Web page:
r = \frac{\sum ^n _{i=1}(X_i - \bar{X})(Y_i - \bar{Y})}{\sqrt{\sum ^n _{i=1}(X_i - \bar{X})^2} \sqrt{\sum ^n _{i=1}(Y_i - \bar{Y})^2}}


For a fully-sorted list, r = 1.0, for a reverse-sorted list, r=-1.0, and the r varies between these limits for varying degrees of sortedness.

A possible problem with this approach, depending on the application, is that calculating the rank of each item in the list is equivalent to sorting it, so it is an O(n log n) operation.

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But that won't ignore the curve shape. If his array is sorted, but, say, contains values increasing exponentially, the correlation will be small where he wants it to be 1.0. –  Lee Daniel Crocker Jun 8 '13 at 0:28
@LeeDanielCrocker: Yes, that's a good point. I've amended my answer to address this by taking ranks of the values. –  Simon Jun 8 '13 at 0:30

#!/usr/bin/python3

def sign(x, y):
if x < y:
return 1
elif x > y:
return -1
else:
return 0

def mean(list_):
return float(sum(list_)) / float(len(list_))

def main():
list_ = [ 1, 2, 3, 4, 6, 5, 7, 8 ]
signs = []
# this zip is pairing up element 0, 1, then 1, 2, then 2, 3, etc...
for elem1, elem2 in zip(list_[:-1], list_[1:]):
signs.append(sign(elem1, elem2))

# This should print 1 for a sorted list, -1 for a list that is in reverse order
# and 0 for a run of the same numbers, like all 4's
print(mean(signs))

main()

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This only counts adjacent inversions. If you look at the other answers you’ll see that this is insufficient. –  Konrad Rudolph Jun 8 '13 at 11:56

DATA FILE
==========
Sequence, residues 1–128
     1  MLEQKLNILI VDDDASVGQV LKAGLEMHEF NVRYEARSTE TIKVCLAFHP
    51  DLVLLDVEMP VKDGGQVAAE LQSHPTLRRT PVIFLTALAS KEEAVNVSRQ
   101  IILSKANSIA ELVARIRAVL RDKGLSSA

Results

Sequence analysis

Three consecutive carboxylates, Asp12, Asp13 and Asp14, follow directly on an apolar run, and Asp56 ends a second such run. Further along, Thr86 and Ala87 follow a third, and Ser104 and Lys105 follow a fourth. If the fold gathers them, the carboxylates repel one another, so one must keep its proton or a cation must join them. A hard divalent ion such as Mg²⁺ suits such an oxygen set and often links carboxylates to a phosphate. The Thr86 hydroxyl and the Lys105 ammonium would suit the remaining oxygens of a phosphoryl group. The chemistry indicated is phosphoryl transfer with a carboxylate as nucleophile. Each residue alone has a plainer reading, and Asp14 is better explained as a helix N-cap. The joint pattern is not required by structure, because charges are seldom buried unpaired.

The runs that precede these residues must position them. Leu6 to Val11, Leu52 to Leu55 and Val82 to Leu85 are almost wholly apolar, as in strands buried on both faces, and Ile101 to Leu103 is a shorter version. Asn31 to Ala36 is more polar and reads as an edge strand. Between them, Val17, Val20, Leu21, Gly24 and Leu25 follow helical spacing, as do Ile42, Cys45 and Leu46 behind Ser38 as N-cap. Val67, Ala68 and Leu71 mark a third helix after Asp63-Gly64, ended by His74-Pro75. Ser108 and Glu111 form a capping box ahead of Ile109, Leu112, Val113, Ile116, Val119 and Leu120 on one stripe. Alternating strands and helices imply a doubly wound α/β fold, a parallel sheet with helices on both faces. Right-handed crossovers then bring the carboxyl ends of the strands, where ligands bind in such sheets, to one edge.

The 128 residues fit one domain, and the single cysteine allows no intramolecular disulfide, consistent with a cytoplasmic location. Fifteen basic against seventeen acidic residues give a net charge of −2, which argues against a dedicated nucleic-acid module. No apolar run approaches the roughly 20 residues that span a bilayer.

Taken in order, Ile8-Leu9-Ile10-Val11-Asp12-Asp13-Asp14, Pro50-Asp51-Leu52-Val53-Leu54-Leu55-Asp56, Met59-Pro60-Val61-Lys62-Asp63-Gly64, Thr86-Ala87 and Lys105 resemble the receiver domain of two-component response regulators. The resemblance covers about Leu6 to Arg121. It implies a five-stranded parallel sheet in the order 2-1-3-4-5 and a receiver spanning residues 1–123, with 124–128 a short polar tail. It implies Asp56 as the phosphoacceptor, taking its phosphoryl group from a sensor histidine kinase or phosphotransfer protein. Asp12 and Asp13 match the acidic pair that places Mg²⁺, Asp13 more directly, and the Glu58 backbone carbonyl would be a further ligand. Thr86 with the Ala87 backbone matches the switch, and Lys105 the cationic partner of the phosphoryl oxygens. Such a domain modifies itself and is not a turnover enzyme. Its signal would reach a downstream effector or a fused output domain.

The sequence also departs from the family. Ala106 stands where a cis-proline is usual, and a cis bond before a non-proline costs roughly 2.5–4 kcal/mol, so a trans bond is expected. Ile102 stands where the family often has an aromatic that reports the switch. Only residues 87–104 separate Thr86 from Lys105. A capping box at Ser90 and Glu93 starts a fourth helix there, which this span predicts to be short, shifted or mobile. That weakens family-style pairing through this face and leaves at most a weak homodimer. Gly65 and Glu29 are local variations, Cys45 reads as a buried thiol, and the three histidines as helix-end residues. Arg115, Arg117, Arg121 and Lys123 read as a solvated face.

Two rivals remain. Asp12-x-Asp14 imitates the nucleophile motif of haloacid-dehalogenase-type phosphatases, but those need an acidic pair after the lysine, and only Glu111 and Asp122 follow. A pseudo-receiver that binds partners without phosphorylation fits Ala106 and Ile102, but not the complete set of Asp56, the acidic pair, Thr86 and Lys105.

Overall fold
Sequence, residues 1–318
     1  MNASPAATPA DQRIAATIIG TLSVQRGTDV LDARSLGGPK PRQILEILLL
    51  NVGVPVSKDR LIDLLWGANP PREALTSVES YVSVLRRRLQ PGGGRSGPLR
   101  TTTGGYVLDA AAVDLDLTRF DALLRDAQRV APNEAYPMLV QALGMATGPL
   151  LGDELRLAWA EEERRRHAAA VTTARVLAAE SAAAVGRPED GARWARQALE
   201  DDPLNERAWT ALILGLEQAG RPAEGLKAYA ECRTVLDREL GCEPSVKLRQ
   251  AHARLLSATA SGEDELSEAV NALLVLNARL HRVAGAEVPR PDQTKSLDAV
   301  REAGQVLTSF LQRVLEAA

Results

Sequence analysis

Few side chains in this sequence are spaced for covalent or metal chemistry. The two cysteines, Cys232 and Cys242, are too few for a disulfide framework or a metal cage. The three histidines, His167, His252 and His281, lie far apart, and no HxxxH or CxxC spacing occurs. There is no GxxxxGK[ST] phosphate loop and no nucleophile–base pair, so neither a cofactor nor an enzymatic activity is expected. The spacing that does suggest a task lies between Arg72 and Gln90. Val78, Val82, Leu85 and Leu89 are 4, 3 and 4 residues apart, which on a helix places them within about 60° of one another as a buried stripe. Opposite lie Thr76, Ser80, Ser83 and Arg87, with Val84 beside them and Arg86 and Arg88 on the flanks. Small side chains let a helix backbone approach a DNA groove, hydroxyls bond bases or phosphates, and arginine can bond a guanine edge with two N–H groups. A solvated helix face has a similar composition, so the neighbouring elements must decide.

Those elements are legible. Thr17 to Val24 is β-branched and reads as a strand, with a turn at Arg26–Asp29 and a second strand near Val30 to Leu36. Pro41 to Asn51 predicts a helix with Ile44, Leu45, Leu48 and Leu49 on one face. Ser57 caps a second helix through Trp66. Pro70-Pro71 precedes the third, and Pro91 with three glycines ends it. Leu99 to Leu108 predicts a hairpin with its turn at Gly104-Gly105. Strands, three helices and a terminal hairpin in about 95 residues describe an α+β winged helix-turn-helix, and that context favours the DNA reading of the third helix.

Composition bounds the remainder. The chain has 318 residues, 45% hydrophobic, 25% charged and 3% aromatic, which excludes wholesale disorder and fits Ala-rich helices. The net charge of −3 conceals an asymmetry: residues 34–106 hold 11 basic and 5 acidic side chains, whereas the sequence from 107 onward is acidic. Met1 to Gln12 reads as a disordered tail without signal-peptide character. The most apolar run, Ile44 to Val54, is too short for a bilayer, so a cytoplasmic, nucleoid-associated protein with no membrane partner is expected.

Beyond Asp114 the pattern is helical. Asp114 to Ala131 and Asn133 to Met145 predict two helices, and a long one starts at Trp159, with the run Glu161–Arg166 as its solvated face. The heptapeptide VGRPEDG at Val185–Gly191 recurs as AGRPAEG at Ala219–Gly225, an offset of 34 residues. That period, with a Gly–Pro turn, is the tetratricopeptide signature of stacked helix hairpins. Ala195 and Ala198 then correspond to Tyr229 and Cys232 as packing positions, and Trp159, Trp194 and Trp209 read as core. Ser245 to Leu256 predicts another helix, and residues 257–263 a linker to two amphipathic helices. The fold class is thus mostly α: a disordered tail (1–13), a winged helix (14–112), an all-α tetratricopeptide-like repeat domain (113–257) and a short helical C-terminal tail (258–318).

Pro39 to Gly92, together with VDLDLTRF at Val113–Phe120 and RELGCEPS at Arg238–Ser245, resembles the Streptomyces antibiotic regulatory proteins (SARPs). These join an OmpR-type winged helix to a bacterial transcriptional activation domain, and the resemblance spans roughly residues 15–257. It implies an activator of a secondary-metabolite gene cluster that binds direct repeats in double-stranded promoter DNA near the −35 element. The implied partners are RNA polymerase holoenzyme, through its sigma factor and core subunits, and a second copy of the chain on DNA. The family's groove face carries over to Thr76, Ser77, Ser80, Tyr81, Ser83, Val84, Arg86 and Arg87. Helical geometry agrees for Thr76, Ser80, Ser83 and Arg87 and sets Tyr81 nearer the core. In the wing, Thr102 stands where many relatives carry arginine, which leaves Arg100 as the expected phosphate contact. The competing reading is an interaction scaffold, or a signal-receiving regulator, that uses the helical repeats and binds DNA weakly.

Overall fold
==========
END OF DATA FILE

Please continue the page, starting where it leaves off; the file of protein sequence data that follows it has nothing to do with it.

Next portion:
@KonradRudolph: I think this answer satisfies the question as asked. The fact that other answers are more comprehensive doesn't mean that this one is insufficient; it depends on the OP's requirements. –  LarsH Jun 8 '13 at 14:52

Apart from inversion count, for numeric lists, mean square distance from the sorted state is imaginable:

#! ruby
d = -> a { a.zip( a.sort ).map { |u, v| ( u - v ) ** 2 }.reduce( :+ ) ** 0.5 }

a = 8, 7, 3, 4, 10, 9, 6, 2, 5, 1
d.( a ) #=> 15.556
d.( a.sort ) #=> 0.0
d.( a.sort.reverse ) # => 18.166 is the worrst case

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I think that's the square of the standard correlation function, see en.wikipedia.org/wiki/Correlation_ratio . And applies equally to non-numeric lists; the two values which are compared are the object's position in the two lists. –  Peter Webb Jun 8 '13 at 9:44
I am a simpleton. I don't even know what correlation ratio is. When I read that Wikipedia article, right at the top, I'm asked to learn what "statistical dispersion" is, then "standard deviation", then "variation", then "interclass correlation coefficient". I learnt all of that, several times, and several times, I forgot it again. In this pragmatic answer of mine, I simply measure the distance between the two vectors with Pythagoras theorem, that I remember from the elementary school, that's all. –  Boris Stitnicky Jun 8 '13 at 23:14

You can use actual correlation.

Suppose that to each item in the sorted list, you assign an integer rank starting from zero. Note that a graph of the elements position index versus rank will look like dots in a straight line (correlation of 1.0 between the position and rank).

You can compute a correlation on this data. For a reverse sort you will get -1 and so on.

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I'm sorry, but this leaves too much unexplained, like how you assign the integers. –  Marcin Jun 8 '13 at 0:56
You need the sorted list to assign the integers; then it is just an enumeration of the items. –  Kaz Jun 8 '13 at 1:08
Exactly what I was going to suggest. Determine the correlation between the position of the object in the original list and its position in the sorted list. The bad news is that correlation routines probably run in O(n^2); the good news is they are probably off-the-shelf for your environment. –  Peter Webb Jun 8 '13 at 9:41
Yeah, just Spearman's rho en.wikipedia.org/wiki/… –  Lucas Jun 8 '13 at 14:52
@PeterWebb Calculating the correlation can be done in O(n). –  Owen Jun 14 '13 at 4:01